Sixty-one yards passing, and I feel like I'm 61 years old. Those two go hand-in-hand right now. It's not good enough. It's not going to win us ball games. —BYU offensive coordinator Brandon Doman
PROVO — BYU's passing game produced a dismal 61 yards last week at Boise State, the fewest single-game total since Bronco Mendenhall became the head coach in 2005.
The Cougar offense has slowed to a crawl, which, as a result, has accelerated the aging process for offensive coordinator Brandon Doman.
"Sixty-one yards passing, and I feel like I'm 61 years old," said the 35-year-old Doman. "Those two go hand-in-hand right now. It's not good enough. It's not going to win us ballgames. It's not acceptable."
Doman's goal since he became the offensive coordinator in 2011 has been to establish a traditional BYU aerial attack capable of generating prolific passing yards and touchdowns. But those were almost non-existent in BYU's 7-6 loss at Bronco Stadium.
Things are expected to get better Friday (6 p.m. MT, ESPN) when Hawaii's porous defense visits LaVell Edwards Stadium. The Warriors surrendered 69 points and 575 yards to Nevada last weekend.
Doman's play-calling counterpart this week is his former coach, Norm Chow, 66, who spent 27 seasons as an assistant at BYU and is now Hawaii's head coach.
"He was my coach for two years. I certainly got to know him pretty well," Doman said. "He's one of the greatest offensive minds of all time."
And as for Doman's status?
"I'm not the greatest offensive mind of all time," he said. "I'd love for someone to say that when I'm his age, but right now, I'm a long ways away."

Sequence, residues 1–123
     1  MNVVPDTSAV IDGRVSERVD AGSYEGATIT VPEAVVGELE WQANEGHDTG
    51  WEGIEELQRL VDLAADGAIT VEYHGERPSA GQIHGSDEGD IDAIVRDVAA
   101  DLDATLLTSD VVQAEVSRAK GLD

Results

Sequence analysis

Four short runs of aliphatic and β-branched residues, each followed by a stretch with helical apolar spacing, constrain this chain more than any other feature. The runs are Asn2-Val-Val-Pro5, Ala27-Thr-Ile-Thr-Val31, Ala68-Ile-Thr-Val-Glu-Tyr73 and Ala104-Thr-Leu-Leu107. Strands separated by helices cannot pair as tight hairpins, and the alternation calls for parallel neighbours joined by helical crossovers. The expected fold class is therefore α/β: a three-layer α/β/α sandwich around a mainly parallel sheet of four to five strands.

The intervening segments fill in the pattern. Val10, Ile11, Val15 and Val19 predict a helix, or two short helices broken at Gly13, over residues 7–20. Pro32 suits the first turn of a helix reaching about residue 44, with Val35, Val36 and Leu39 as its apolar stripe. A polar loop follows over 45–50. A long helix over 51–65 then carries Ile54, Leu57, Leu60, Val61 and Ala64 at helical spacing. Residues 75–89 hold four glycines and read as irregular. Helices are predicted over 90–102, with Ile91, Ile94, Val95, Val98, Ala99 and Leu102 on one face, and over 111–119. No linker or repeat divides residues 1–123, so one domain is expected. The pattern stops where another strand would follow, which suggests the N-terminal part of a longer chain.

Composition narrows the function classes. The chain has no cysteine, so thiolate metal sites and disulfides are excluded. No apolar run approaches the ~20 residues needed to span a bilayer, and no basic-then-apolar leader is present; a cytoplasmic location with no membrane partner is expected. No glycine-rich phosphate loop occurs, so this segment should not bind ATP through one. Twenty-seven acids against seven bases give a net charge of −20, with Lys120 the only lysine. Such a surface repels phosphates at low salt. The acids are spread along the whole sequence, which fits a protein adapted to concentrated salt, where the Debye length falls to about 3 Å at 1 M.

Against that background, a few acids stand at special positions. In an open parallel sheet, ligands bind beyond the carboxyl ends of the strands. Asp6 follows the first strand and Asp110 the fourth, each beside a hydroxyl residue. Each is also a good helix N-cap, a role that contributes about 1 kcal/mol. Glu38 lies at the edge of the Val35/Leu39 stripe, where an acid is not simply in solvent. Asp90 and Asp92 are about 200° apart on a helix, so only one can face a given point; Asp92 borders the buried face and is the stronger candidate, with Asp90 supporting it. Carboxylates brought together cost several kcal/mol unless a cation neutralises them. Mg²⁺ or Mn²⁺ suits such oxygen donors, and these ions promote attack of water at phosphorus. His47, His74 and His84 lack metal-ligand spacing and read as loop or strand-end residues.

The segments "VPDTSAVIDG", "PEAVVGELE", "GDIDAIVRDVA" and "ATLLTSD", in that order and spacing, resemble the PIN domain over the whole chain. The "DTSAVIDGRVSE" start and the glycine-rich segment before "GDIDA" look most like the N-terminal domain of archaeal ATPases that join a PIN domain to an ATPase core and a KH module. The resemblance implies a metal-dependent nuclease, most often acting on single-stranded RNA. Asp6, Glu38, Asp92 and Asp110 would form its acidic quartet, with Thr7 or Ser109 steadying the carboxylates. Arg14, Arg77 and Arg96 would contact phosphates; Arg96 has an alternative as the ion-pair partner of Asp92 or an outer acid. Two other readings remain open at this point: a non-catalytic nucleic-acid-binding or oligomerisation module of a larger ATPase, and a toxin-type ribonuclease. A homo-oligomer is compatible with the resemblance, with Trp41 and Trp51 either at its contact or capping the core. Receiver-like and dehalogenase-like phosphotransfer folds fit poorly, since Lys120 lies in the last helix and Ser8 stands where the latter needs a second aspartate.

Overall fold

Doman is responsible for the BYU offense, and it has fallen short of expectations this season.
The Cougars spent considerable time investing in senior quarterback Riley Nelson. Now, Nelson is dealing with an injured back, and if he's not healthy enough to play Friday, true freshman Taysom Hill could earn his first start.
Against Boise State, Hill replaced Nelson in the third quarter and led the Cougars on their only scoring drive.
"We've got an injured starting quarterback. He's a guy that we've put a lot of trust and confidence into," Doman said. "He wasn't physically capable of doing it the last week and half the way he needed to be able to do it for our football team to be successful. Did we take all of the right measures? I don't know. That's all behind us now. As we move forward, hopefully we'll make the right decisions."
In the last two games, BYU has had seven turnovers. Two of those turnovers directly led to points for Utah and Boise State — a botched snap that was returned for a touchdown against the Utes and a pick-six against the Broncos. The Cougars coughed up the ball five times against Boise State.
"We just need to eliminate some of the mistakes we're making," Doman said.
He also acknowledged that the offensive line needs to improve.
"We've got to create a better identity up front," Doman said. "That impacts the quarterback."
Hill's style of play helps the O-line, according to Doman.
"When (opposing defenses are) concerned about him running," Doman said, "the rush slows down, and it allows our offensive line to be more productive."
The Cougars visit San Jose State on Nov. 17 and travel to New Mexico State on Nov. 24.
HAILING FROM HAWAII: BYU has four players from Hawaii: running back Michael Alisa (Laie), tight end Kaneakua Friel (Kaneohe), and defensive linemen Simote Vea (Hau'ula) and Ian Dulan (Hilo).
Meanwhile, Hawaii has one player from Utah, tight end Harold Moleni, who is from West Valley and prepped at Hunter High.
THE SERIES: On Friday, BYU and Hawaii will meet for the 29th time. The Cougars lead the series 20-8, including a 41-20 victory over the Warriors last December in Honolulu.
BYU has never lost in Provo to Hawaii, winning all eight games.
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at BYU (2-2) Friday, 6 p.m. MT
LaVell Edwards Stadium, Provo
TV: ESPN Radio: 1160 AM, 102.7 FM